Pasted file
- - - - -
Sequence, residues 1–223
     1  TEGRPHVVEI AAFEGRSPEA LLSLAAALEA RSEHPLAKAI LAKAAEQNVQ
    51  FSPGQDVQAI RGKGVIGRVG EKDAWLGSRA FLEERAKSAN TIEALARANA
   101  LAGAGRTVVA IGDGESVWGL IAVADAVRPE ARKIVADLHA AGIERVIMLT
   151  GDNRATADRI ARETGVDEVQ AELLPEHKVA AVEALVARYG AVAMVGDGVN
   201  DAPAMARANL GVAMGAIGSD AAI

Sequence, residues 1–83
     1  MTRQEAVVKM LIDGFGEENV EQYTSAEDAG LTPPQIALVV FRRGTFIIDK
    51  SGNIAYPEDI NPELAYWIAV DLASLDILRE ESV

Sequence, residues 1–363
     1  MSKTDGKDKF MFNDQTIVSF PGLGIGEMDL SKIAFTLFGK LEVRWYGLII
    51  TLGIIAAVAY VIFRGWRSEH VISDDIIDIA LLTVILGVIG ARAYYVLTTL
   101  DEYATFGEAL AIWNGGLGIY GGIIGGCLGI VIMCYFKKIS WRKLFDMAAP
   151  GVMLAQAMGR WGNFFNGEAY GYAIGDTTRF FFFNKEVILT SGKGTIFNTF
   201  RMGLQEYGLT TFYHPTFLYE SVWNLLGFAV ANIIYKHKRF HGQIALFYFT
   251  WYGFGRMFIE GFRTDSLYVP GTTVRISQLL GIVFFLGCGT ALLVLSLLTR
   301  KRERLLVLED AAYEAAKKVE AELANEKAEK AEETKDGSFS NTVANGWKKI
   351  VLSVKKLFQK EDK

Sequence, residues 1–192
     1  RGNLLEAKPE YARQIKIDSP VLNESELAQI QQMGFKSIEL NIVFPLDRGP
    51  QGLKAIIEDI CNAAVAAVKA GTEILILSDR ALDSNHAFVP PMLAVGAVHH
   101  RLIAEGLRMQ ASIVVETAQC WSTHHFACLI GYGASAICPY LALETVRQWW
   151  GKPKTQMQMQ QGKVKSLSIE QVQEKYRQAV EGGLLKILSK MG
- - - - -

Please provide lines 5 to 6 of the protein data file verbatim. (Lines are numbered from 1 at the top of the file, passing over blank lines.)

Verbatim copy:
   151  GDNRATADRI ARETGVDEVQ AELLPEHKVA AVEALVARYG AVAMVGDGVN
   201  DAPAMARANL GVAMGAIGSD AAI